don't be afraid of the dark


Known by children throughout Great Britain as a Tooth Fairy, the Toothbreaker is widely considered to be a benevolent creature. I have personally recorded dozens of accounts from those who claim to have caught a glimpse (though never, I stress, a full sighting) of one of them. Children who have lost on of their "baby" teeth will place the discarded item beneath their pillow at bedtime, and during the night a Tooth Fairy will take the tooth away and leave a coin as payment, pleasing child and parent alike.
And yet there are darker stories of this species, including the Scottish Bloodygums, the Milk Imp of the Isle of Man, and a specific creature named Jilly Rot-Tooth, whose reputation abounds in Pontypool, Wales. Stories of Toothbreakers are to be found throughout Great Britain, old tales of creatures who will steal children, tear out their teeth, and eat those teeth for their sustenance.
While I have no doubt that there is a reason for the preponderance of accounts of benevolent Tooth Fairies—they far outnumber and seem far more recent than stories of vicious Toothreakers—it seems likely that these are either two related species or one and the same, but with different behavioural patterns. Certainly the remains I acquired in Redditch from Mr. Twitchell are those of a creature built for savagery, and there is no doubt that it chews and digests human teeth for its food.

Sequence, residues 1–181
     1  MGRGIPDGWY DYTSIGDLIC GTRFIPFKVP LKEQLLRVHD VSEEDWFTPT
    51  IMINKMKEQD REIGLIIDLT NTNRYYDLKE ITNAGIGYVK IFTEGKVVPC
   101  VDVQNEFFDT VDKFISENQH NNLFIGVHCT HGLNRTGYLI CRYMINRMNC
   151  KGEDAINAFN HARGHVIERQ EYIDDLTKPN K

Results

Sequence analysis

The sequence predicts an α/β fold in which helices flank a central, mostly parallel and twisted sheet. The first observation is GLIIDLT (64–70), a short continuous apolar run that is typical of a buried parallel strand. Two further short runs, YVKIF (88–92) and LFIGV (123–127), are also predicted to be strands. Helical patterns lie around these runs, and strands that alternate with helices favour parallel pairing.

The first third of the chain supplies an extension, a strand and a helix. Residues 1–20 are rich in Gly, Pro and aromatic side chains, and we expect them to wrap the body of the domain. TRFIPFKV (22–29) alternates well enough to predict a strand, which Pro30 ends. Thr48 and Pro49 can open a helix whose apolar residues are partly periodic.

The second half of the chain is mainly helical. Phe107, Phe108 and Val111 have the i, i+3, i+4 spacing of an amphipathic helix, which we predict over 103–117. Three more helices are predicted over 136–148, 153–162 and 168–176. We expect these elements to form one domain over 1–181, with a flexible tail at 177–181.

Until I can discover the true nature of these creatures—who seem as though they might be the most number of the still-existing fairy species—I must recommend avoiding them at all costs. A tooth places beneath a child's pillow can be nothing less than an invitation to mutilation or murder.'

(Catalogue Part One: Fairies of Ireland and Great Britain: Toothbreakers)

I don't have much to say, other than this is phenomenal and you should definitely get yourself a copy if you're fond of violent fairytales and twisted, linear illustrations.
It's surprising my copy doesn't have drool on it.

*also the director of the film.